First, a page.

The War in Your Body

immune response   The specific immune response differs from the inflammatory response we talked about earlier because it is the body’s response to specific antigens.  An antigen is anything foreign to our immune system, like bacteria, viruses, and allergic substances.  This defense system uses antibodies specifically designed to target and attack one particular invader.  It uses white blood cells, called lymphocytes, macrophages and neutrophils.  It also uses natural killer cells, which attack and destroy sick or abnormal cells.  This system remembers what it defeated, so it can easily and quickly provide a future defense force if it finds the same invader again.

How does it work (greatly simplified)?

All cells have antigens on their surface that tell our body they belong to us.  If the body doesn’t recognize this antigen as “self”, that particular cell is then targeted as an invader.  When an invader is identified, the lymphocytes (army) are called into action.

There are 2 types of lymphocytes.

T-lymphocytes (T-cells) are trained in the thymus to react to one particular antigen.  T-cells destroy cells that are either foreign, mutated (cancerous) or virus infected.  They stick to the foreign cell and insert a toxin, which causes them to rupture.  Ruptured cells are then “eaten up”.  Once the body is victorious over the enemy other cells move in and call off the war.

B-lymphocytes (B-cells) stick to an antigen and become sensitized.  The first time they meet a specific bad guy, they multiply and produce large numbers of antibodies, which peaks in about 10 days.  These antibodies fight the bad guy.  They also make a “copy” of the bad guy and keep it in their memory banks.  If they find this specific bad guy again, they go directly into production of antibodies at a much faster rate, usually within 3 days, and remain on alert for weeks or months.

There are 3 main types of antibodies, also called immunoglobulins (Ig).  These antibodies attach to invaders and cause them to rupture, which causes inflammation.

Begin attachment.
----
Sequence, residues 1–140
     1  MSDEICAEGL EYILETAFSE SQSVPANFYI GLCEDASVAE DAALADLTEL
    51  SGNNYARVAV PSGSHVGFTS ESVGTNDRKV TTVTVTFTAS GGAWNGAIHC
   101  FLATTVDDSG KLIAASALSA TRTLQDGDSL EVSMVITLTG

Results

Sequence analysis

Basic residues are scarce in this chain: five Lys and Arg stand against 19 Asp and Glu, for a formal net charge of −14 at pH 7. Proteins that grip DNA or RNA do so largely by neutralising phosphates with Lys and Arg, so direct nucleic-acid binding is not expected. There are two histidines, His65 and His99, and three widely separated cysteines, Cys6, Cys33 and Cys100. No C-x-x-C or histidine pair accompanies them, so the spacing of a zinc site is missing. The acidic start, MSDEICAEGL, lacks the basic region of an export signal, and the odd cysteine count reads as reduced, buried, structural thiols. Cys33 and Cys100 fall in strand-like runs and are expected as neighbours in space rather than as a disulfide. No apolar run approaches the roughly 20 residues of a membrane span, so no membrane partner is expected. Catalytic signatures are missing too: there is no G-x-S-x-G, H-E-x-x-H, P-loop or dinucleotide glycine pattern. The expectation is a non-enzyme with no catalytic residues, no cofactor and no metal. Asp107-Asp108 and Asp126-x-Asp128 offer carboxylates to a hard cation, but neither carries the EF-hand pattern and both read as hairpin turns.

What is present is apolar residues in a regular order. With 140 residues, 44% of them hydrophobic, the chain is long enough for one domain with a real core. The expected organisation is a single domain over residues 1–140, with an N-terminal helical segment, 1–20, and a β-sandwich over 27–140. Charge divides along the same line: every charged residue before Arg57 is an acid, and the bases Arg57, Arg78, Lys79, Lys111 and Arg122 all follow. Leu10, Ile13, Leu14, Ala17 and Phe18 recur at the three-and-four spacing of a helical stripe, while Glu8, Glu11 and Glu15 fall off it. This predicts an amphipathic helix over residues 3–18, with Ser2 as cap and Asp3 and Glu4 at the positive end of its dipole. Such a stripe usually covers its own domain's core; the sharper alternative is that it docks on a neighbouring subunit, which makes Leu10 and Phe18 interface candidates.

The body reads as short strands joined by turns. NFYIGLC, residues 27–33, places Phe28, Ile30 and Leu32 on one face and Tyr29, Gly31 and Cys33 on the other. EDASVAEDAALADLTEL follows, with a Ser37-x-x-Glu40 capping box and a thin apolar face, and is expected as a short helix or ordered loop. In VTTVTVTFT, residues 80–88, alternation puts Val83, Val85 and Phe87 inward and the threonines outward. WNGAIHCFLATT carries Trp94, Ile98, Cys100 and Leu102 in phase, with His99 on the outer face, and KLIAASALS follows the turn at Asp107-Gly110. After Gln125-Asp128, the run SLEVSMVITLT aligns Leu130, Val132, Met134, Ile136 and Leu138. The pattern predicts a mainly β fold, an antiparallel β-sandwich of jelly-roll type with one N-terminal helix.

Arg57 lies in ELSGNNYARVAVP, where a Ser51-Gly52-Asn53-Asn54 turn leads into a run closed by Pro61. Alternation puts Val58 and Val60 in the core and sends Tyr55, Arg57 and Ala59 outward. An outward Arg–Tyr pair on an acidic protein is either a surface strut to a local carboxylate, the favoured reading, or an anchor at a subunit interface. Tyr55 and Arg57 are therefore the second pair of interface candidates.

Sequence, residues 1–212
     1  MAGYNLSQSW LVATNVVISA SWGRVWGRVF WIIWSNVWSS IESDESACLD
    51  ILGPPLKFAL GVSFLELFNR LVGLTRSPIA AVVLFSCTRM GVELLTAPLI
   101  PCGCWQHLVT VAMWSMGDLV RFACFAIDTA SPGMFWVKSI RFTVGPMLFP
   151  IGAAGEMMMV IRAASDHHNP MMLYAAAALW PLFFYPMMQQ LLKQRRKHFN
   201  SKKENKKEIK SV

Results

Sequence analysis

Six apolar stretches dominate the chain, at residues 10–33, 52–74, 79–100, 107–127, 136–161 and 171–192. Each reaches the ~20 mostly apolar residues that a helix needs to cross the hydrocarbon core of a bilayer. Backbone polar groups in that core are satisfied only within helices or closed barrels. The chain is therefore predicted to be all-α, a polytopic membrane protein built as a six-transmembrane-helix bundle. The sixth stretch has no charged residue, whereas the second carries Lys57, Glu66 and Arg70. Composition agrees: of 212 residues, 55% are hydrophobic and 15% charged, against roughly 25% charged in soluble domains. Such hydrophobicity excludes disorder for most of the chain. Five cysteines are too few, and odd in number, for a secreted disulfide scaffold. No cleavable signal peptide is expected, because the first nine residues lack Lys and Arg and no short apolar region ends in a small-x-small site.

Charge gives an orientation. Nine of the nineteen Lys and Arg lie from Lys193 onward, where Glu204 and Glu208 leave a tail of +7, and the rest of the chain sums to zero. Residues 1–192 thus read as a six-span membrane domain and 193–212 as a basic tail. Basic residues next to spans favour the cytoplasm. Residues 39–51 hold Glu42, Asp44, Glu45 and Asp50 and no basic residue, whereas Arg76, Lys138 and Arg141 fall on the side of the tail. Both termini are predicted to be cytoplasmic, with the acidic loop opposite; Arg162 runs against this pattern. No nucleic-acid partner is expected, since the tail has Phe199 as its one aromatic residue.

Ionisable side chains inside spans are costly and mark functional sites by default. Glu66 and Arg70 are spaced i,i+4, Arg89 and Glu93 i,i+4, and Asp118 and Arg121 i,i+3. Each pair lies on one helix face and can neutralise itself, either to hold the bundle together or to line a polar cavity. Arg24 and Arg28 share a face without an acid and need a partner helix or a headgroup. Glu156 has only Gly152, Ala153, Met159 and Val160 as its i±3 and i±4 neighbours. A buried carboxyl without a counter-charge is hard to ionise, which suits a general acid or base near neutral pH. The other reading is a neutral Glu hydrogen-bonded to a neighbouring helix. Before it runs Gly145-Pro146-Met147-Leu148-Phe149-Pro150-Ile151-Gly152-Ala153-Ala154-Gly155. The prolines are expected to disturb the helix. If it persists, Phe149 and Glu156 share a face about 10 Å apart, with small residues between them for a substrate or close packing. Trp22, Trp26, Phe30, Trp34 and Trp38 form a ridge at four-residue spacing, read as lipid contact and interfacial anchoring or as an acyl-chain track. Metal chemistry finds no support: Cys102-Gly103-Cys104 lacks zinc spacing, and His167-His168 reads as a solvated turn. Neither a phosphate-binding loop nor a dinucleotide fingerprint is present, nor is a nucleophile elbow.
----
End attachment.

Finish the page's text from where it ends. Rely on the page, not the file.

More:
*IgA’s:  Are found in mucous, body oil, saliva, tears, digestive juices and mother’s milk.  They are part of the first line of defense and prevent invader entry.

*IgG’s:  Are mostly found in blood.  These are usually the first antibodies to the battlefield and are highest in concentration.  They are also involved in the allergic response, though they are not tested for in traditional allergy tests.

*IgE’s:  Are involved in reactions to parasites and allergens.  They attach themselves in great numbers to cells that contain large amounts of histamines.  When activated by an invader, they cause these cells to rupture, thereby releasing their load of histamines.  This causes an inflammatory, or allergic, response.  This is what traditional allergy testing looks for.  Anti-histamines are often taken to deactivate these histamines.  This response can happen anywhere in the body.

Immune battle vs war:

The larger the invasion, the longer the battle is fought until healing occurs.  This is why you need to have the strongest immune system possible.  If your army is weak, or constantly battling Candida, allergens or toxins, how will it have the energy or troops available to quickly, efficiently and successfully tackle any invasion?  Once invaders take over a battlefield it becomes a war.  If you have no reinforcements, it is very difficult to win the war.

Symptom = warning of impending situation, which gives you an opportunity to modify (negotiate truce)

Infection or injury = Scrimmage or battle

Disease = War

Support your immune system.  Address excess stress on it.  Keep it well fed and strong at all times so it is ready for battle.  Choose health (peace) with every dietary and lifestyle choice you make.

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